It’s a striking image these days. Because while we haven’t had much cold winter weather, then the storms of our politics have more than made up for it. Perhaps you’ve noticed what I’ve noticed lately. More and more people showing up on Sunday, ducking in from all that is going on outside and looking for a refuge. Not a week goes by, not a day lately, that we don’t receive more bad news. In the world of politics, for example, our health care is threatened, our Muslim friends are singled out for discrimination, refugees fleeing dangerous lands are turned away, scientists are censored, and there are whispers of hateful executive orders to be directed at the lesbian, gay, bisexual, transgender, and queer community. I could go on, but I won’t. The winds of the worst kind of change are blowing and God knows we all need some shelter from them. In the world of personal relationships, things are no better. Every week you share with me about employers you have trouble talking with or family members. Strangers have been shouting and throwing things at demonstrators here in our own city. Everyone’s on edge and we wonder how much worse it might get before it gets better. And in the world of the mind, there are storms, too. As the scientific method, critical thinking, and even facts come under threat, we wonder if we will be attacked for holding these commitments. Which is to say nothing of being progressive or liberal Christians in a city that is staunchly conservative in its religious expression. Many of us duck into church every Sunday as the professor once did, wondering if there’s still a place here for people like us, people with more questions than answers, people looking for love and acceptance more than old dusty doctrine that may or may not make sense.
So it’s cold outside. In our politics, in our personal relationships, in our minds. And we are here standing in the vestibule looking in on a community that still gathers in a circle every first Sunday to break bread and pass it around. Is this the place for us, we wonder. Is this what we most need?
According to our sacred stories, one of the key elements of our faith is that of welcoming all. We heard two short excerpts this morning. One from the Hebrew Bible in the book of Exodus. Do not oppress the alien [or the foreigner], for you know how it feels to be [one]; you yourselves were [foreigners] in Egypt. And from the Christian Testament in the book of Hebrews. Do not neglect to show hospitality; by doing this, some have entertained angels unaware. We read these scriptures together as bookends, from early in the Bible to late in its pages. If we look through the Bible, in fact, we find dozens of such admonitions. Be careful how you treat the alien, the foreigner, the stranger, the enemy. For we have all been those things before. And show hospitality to all. Receive every person with kindness, compassion, and grace. Welcome her or him in from the cold. For you don’t know the story, you can’t say what they’re seeking shelter from. Perhaps that person is a Muslim who feels attacked by our policies. Perhaps that person is a lesbian who has been shunned by the church of her upbringing. Perhaps that person is a skeptic who wonders if he and his questions are welcome. Perhaps that person is a Millennial who wants to see if institutional religion has any value. Perhaps that person is a professor, red-eyed with grief, nowhere else to run, looking for a safe place to pray and to cry.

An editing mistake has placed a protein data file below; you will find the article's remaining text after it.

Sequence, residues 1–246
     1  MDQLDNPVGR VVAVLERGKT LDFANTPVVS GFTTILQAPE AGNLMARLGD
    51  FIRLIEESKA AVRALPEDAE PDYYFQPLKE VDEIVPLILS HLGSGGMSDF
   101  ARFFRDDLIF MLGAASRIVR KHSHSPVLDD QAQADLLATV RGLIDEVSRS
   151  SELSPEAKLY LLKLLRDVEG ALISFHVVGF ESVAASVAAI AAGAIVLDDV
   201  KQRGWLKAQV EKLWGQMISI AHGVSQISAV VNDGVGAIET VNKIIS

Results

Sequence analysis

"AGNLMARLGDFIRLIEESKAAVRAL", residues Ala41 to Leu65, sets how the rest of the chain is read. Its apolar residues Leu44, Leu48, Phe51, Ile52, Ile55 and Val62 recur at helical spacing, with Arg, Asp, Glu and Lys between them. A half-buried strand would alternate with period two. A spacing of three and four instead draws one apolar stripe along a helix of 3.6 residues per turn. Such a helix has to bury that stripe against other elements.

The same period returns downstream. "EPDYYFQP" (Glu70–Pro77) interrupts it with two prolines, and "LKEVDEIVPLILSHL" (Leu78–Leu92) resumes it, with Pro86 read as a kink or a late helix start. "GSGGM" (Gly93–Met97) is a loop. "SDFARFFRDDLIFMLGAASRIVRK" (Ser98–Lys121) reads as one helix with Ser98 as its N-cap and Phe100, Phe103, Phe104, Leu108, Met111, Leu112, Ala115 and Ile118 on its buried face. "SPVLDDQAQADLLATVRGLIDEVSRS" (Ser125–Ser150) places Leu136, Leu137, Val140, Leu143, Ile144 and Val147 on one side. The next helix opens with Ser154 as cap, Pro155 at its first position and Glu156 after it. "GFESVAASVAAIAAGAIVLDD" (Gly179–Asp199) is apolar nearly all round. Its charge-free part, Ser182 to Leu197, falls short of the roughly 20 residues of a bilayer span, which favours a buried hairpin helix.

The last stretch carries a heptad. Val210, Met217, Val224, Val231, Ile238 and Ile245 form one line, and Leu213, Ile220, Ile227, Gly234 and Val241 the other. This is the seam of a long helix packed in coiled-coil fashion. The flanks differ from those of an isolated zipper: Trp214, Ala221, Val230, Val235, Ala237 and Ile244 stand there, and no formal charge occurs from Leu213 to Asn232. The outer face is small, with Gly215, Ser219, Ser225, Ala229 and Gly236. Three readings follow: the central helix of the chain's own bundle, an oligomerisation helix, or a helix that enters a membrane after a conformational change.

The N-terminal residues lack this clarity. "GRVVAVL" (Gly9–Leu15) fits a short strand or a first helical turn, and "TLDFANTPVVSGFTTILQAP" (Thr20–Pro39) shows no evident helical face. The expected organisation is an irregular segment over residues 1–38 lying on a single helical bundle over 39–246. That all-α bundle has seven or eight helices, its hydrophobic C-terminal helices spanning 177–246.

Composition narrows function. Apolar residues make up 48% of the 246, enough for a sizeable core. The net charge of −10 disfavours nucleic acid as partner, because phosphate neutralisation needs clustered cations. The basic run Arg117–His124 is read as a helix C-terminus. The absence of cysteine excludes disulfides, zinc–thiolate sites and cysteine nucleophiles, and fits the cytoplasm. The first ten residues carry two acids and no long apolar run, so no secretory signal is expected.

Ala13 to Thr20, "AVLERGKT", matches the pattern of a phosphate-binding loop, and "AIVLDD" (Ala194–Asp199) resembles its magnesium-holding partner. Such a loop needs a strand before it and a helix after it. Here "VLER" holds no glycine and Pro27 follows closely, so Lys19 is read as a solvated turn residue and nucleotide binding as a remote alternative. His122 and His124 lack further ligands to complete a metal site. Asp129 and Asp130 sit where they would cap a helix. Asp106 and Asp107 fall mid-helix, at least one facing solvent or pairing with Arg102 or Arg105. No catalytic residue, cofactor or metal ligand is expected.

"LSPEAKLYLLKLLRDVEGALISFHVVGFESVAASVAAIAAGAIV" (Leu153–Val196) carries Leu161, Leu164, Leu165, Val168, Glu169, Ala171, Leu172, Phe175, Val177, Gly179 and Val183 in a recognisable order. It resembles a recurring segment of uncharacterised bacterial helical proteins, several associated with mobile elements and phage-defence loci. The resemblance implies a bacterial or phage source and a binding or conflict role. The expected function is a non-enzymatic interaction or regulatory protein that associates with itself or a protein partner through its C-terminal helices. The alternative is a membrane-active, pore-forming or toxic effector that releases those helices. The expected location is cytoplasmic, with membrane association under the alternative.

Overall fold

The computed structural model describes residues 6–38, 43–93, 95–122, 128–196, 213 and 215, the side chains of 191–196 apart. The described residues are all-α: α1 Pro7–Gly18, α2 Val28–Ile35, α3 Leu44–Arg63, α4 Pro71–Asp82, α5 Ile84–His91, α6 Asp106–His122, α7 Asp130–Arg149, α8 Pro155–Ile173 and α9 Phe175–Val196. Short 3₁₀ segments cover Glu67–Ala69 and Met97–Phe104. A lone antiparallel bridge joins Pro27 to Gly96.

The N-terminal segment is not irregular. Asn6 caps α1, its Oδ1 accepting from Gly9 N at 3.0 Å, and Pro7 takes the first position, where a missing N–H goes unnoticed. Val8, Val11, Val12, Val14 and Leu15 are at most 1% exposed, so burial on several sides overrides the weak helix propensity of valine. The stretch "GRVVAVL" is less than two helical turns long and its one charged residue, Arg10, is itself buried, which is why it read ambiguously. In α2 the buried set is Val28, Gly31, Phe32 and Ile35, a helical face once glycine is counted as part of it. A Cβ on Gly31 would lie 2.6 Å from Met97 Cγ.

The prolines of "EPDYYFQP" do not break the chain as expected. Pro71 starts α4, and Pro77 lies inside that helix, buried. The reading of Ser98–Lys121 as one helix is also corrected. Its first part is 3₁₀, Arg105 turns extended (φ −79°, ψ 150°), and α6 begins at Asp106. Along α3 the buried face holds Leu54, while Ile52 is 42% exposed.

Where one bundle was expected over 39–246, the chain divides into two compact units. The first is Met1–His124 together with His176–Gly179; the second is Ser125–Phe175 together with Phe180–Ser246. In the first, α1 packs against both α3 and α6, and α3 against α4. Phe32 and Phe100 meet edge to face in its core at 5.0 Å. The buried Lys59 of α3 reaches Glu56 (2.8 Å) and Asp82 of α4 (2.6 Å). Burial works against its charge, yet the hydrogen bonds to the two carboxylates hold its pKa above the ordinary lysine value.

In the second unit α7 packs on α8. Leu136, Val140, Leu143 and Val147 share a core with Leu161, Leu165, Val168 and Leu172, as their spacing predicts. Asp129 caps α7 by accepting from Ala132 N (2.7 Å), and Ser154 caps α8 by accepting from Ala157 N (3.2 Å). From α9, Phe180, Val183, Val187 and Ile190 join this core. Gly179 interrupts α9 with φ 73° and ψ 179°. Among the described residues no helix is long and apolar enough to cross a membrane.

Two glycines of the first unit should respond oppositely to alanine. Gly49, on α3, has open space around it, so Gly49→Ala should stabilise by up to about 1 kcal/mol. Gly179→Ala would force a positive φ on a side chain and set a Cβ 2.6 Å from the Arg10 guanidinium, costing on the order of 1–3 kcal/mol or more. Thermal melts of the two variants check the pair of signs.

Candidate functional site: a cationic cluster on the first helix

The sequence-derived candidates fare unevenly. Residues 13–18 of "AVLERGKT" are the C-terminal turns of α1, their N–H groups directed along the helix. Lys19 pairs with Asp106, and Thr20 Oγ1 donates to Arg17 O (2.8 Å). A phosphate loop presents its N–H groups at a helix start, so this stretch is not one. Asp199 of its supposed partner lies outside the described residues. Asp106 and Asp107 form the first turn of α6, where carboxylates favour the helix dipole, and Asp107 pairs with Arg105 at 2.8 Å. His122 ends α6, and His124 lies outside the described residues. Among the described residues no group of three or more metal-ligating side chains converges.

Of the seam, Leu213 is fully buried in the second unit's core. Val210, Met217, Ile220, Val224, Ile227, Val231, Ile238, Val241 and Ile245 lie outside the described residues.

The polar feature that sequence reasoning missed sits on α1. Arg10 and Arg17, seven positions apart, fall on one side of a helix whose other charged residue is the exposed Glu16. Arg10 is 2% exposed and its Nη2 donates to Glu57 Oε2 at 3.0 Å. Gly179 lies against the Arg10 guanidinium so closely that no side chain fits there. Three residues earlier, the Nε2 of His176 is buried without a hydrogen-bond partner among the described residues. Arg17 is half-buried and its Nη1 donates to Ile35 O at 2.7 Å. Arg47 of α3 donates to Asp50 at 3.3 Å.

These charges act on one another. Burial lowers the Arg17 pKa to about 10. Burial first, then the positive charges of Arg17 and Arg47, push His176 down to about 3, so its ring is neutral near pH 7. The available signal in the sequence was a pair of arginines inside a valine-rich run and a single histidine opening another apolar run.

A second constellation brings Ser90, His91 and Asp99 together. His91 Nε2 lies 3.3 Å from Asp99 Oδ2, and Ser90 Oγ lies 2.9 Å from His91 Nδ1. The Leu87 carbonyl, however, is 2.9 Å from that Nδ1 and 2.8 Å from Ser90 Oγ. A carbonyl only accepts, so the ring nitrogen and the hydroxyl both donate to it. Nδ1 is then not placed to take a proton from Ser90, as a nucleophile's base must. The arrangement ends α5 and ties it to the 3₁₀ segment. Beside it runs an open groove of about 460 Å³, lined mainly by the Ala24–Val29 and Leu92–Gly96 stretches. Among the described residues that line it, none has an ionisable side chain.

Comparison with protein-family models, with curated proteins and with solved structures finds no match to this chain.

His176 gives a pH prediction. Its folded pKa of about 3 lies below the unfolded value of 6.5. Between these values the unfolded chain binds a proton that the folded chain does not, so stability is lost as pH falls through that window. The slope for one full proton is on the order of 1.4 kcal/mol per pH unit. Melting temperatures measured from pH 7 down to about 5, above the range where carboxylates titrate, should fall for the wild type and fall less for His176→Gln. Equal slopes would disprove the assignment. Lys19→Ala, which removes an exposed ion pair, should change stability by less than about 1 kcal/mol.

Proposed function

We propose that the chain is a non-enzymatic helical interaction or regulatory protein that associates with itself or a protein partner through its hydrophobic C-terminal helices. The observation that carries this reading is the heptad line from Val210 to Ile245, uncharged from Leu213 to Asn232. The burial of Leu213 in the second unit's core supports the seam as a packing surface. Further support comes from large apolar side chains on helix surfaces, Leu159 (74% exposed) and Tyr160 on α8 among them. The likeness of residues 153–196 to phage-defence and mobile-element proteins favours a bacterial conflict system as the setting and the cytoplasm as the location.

If the story of Jesus is any example, then this may be the gospel itself. This welcome. This acceptance. This inclusion. It’s not a gospel of doctrine or dogma. That’s what Elaine had learned in all her studies of the early communities that followed Jesus. All the doctrine came later, the product of theological and political storms. But the gospel itself was more experiential. The gospel itself was the welcome. It was the love. It was the kindness of strangers making the world they wanted, ritualizing it in a space they called sacred, for an hour or two every Sunday. And it spoke to her condition.
That’s what we’re trying to do. That’s why we keep coming. Not to turn out perfect people or pretend to be pious. But to welcome each other in from the cold. To break the bread and pass it around. To share the wine and juice together. Do this in remembrance of me. Do this so that you might see the sister or brother who is right next to you. Do this and let your heart be warmed by it. In a world that is a little too cold, do this. . .
 Richard Blanco, For All of Us, One Today: An Inaugural Poet’s Journey (Boston: Beacon Press, 2013), 6.
 Elaine Pagels, Beyond Belief: The Secret Gospel of Thomas (New York: Random House, 2005), 27.
 Ibid., 6.